Just in time for the Festive Season, Michael Tilson Thomas and the San Francisco Symphony have the perfect gift for Beethoven enthusiasts – a new recording of the Piano Concerto No 3 – with soloist Emanuel Ax – and the Mass in C major.
This recording – available on November 13 – is the fifth all-Beethoven album by MTT and the Symphony to be released on the Orchestra’s Grammy Award-winning in-house label, SFS Media. “In these performances,” says Music Director Tilson Thomas, “we have been exploring a lyrical, transparent approach to the music. This gives us an opportunity to hear the remarkable qualities of the players of the San Francisco Symphony.”
Emanuel Ax is a longtime friend of the Symphony, and a frequent guest soloist, who performed the complete cycle of Beethoven’s five piano concertos during the Symphony’s 1992 Beethoven Festival – the only occasion on which he has previously played the Third Piano Concerto with the Symphony.
Mr Ax describes the concerto as “on the dramatic and sombre side – at least the first movement – but certainly, as with every Beethoven work, contains every emotional demand. There’s an incredible amount of hope, belief and positive outlook on the world. In spite of his awful life, in many ways, he still somehow wrote, to me, the most positive music ever written.”
According to SF Symphony program annotator James M Keller, “Although Beethoven surely improvised the first-movement cadenza at the premiere, [at Vienna’s Theater an der Wien on April 5, 1803], he did write out a suitable cadenza for this concerto in 1809”. Mr Ax says: “Whenever I play the Beethoven piano concertos I always play Beethoven cadenzas. No-one wrote that music like he did. It’s a sort of extended improvisation.”
Beethoven’s soaring Mass in C major was commissioned by Prince Nikolaus Esterházy, and represents the first time that Beethoven had set the words of the Mass to music. It was first performed at Eisenstadt on September 13, 1807, as part of the celebrations for the name-day of the Prince’s wife, the Princess Maria. Not only was Beethoven late in delivering the work, but Esterházy was apparently disappointed with it as well, a sentiment of which the composer was made aware, so when the work was first published in 1812, he dedicated it to his patron Prince Kinsky instead.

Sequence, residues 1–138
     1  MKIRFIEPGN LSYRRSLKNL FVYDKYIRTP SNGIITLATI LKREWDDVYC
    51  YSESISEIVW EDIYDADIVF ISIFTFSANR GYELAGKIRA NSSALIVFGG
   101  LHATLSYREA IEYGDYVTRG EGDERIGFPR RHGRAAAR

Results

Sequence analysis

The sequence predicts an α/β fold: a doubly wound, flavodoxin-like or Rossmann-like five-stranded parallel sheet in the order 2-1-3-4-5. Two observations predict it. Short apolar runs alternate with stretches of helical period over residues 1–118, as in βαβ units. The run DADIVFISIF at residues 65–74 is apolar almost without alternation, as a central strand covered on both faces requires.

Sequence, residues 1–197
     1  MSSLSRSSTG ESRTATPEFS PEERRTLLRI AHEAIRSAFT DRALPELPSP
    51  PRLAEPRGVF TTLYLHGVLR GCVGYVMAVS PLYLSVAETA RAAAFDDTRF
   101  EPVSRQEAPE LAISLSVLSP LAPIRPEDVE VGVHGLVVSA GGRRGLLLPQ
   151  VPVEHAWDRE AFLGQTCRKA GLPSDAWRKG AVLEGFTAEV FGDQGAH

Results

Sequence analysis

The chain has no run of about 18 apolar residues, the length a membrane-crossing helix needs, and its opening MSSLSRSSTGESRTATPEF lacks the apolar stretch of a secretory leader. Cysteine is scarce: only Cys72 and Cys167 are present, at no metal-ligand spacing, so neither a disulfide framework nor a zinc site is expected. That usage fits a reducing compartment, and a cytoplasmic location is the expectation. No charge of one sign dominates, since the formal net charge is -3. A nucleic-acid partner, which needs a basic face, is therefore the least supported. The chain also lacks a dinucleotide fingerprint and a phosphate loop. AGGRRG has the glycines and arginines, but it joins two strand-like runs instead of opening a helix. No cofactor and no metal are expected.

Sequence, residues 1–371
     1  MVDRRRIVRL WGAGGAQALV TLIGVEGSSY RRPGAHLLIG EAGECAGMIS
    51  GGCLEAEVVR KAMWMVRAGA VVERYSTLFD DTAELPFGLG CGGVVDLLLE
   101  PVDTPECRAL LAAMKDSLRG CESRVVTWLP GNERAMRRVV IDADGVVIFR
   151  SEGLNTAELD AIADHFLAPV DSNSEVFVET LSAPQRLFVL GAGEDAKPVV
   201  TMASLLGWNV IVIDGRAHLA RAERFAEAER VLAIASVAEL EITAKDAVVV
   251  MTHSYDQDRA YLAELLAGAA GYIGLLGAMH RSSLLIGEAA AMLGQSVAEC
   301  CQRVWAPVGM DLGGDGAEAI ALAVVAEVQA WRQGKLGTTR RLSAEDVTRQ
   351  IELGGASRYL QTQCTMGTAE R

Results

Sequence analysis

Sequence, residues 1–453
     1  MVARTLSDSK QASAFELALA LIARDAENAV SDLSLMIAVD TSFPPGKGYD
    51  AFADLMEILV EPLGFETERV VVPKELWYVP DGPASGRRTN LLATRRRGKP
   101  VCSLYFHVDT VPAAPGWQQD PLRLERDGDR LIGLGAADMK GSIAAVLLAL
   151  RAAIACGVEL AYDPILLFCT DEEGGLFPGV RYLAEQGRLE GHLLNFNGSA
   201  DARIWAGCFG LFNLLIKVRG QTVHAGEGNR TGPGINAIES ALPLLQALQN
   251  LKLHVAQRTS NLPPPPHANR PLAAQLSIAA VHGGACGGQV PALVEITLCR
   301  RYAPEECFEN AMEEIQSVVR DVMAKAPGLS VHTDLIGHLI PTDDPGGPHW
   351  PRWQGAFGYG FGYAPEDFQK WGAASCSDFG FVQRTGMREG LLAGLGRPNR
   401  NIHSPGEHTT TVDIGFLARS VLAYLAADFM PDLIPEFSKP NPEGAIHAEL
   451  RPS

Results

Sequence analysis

Michael Tilson Thomas describes Beethoven’s Mass in C major as “really delightful”, adding: “I’m always happy to come back to it both as a performer, but also as a listener …. It is a piece that sort of takes possession of the room – in a nice way – and creates an atmosphere that allows your thoughts to move around both inside of the music and perhaps to other places as well.”
He describes the soloists in this performance – soprano Joelle Harvey, mezzo-soprano Kelley O’Connor, tenor William Burden and bass-baritone Shenyang – as “lyric voices who can float phrases in a way that I’m sure Beethoven must have been imagining when he wrote them”.
Also featured on the recording of the Mass is the San Francisco Symphony Chorus, led by Chorus Director Ragnar Bohlin. Considered one of America’s most distinguished choruses, it has won a total of eight Grammy Awards, including three for Best Choral Performance, one of which was the recording with MTT and the Symphony of Mahler’s Symphony No 8, which won three 2010 Grammys. The Chorus also features on MTT and the Symphony’s recordings of Beethoven’s Cantata on the Death of Emperor Joseph II and his Symphony No 9.
Both the Piano Concerto No 3 and Mass in C major were recorded at Davies Symphony Hall – the Piano Concerto in performances on September 26-28, 2013, and the Mass between January 15-18, 2014. The album, as with all SFS Media recordings, will be available from the Symphony Store in Davies Symphony Hall and online at sfsymphony.org/store, digitally on itunes.com/sfsymphony, and from all major retailers and other digital outlets worldwide. It is already available for pre-order at iTunes.com/SFSymphony.
A promotional video about the recording – with performance footage and interviews with the artists – can be viewed at bit.ly/Beethoven-AxVideo.
San Francisco Symphony
SFS promotional video
James M Keller